This section is from the book "The American Woman's Cook Book", by Ruth Berolzheimer. Also available from Amazon: The Domestic Arts Edition of the American Woman's Cook Book.
Chocolate is made from cocoa beans that are ground under pressure. It is sold in the unsweetened form, such as we commonly use for a beverage, and also sweetened and flavored. If chocolate is stored in a warm room, the fat known as cocoa butter will melt and come to the surface, and when it hardens will give the chocolate a gray look, because the fat is practically white. The cake of chocolate, however, is as good to use as ever. The instantaneous chocolates found on the market are combinations of cocoa, flavoring, sugar and often milk powder.
Cocoa is the ground bean from which part of the fat has been extracted. It should be a rich reddish brown in color. If it is very dark, it is usually because it has been artificially colored or made from imperfectly cleansed beans or those of a poor quality.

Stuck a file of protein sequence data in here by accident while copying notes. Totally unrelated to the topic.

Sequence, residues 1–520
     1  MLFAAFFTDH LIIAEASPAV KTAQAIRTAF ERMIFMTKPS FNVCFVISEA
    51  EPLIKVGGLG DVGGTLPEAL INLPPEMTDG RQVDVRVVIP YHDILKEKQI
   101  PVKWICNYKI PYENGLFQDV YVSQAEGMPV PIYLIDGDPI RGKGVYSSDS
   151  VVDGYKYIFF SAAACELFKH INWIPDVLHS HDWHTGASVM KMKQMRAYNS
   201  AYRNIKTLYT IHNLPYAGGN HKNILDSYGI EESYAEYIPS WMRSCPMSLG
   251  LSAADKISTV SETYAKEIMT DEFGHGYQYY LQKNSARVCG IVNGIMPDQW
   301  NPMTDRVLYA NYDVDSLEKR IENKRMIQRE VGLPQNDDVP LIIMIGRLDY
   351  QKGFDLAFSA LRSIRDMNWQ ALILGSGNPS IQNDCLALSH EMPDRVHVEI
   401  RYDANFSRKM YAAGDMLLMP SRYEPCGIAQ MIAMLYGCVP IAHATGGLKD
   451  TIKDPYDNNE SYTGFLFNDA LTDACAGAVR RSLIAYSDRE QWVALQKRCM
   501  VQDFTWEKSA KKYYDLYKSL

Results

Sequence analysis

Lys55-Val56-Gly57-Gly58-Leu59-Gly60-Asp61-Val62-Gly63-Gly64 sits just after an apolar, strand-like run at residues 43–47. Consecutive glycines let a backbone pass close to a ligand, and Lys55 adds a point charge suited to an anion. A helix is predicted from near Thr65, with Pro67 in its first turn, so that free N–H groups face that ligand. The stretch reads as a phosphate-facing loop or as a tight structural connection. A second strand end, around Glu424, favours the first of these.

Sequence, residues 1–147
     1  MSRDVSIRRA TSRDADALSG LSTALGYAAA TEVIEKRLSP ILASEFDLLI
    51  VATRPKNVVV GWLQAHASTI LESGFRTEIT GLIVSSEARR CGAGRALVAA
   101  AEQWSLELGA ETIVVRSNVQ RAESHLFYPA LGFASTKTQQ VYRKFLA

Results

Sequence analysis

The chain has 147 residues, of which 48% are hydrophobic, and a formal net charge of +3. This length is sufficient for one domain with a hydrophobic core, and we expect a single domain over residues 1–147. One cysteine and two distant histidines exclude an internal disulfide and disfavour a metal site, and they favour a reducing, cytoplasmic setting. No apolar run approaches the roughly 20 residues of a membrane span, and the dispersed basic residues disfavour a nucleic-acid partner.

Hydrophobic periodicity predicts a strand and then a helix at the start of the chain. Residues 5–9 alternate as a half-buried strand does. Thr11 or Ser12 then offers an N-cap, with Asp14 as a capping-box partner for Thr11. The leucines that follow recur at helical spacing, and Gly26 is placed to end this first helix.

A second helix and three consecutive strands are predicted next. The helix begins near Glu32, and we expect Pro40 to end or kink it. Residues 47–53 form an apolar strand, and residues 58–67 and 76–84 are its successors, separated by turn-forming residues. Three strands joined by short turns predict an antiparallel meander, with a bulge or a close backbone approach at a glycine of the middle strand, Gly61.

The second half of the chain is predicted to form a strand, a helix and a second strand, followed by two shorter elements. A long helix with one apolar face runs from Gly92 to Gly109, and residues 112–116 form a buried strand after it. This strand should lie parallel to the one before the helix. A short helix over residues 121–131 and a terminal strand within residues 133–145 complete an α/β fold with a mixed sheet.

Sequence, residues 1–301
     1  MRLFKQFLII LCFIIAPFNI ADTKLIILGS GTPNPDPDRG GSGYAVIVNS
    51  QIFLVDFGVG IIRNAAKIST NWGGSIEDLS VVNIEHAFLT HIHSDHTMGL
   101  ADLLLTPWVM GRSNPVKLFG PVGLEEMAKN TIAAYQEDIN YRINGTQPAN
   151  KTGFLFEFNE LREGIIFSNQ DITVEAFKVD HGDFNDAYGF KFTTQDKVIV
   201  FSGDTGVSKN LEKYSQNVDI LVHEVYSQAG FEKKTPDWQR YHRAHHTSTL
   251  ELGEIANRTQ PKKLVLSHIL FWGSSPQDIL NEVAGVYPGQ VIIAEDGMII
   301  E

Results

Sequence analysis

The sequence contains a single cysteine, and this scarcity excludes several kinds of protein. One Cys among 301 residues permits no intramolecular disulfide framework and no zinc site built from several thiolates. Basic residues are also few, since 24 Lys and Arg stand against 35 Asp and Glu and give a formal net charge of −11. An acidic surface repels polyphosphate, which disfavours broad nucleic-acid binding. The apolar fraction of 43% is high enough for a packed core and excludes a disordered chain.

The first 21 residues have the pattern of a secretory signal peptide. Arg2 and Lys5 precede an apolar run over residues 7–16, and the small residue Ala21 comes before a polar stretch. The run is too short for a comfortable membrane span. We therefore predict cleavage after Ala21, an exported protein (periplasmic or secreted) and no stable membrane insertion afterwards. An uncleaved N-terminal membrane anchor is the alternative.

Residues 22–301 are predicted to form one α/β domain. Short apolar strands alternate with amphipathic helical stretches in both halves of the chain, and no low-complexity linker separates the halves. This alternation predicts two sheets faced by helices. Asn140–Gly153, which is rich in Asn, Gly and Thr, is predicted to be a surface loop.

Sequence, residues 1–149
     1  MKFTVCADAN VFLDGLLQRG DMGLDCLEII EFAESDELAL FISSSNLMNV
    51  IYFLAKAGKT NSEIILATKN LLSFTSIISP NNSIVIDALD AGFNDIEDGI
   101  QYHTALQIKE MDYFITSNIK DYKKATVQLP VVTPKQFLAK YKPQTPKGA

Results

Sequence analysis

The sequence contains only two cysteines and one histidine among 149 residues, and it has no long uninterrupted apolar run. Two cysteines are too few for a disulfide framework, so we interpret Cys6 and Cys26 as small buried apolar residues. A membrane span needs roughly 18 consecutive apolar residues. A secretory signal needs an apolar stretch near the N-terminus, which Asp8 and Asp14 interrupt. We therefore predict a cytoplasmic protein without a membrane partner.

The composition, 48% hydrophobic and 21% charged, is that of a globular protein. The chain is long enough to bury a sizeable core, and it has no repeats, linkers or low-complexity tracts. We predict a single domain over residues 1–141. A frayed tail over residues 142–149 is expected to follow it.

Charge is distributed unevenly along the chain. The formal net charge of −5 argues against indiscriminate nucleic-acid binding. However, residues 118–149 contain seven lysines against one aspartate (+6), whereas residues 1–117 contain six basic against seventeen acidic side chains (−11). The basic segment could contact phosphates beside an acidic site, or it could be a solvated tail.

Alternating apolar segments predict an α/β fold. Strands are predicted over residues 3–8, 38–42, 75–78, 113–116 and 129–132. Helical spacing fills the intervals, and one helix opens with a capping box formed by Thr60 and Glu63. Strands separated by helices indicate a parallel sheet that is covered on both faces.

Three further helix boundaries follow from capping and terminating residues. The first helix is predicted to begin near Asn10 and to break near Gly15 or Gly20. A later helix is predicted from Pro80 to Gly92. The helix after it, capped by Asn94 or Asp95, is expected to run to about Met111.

Cocoa is a valuable food and is an excellent medium by which to introduce milk into the diet. Because it contains a stimulant, it is best to use a minimum of cocoa and a maximum of milk when giving it to children.
Cocoa preparations, in which cocoa, sugar, powdered milk and malt are used, make quickly prepared beverages.
The method of making all beverages containing cocoa is based on the fact that cocoa is rich in starch; therefore cocoa boiled for five minutes has a much better flavor than that which is made by simply adding it to scalded milk, because cooking improves the flavor of all starches.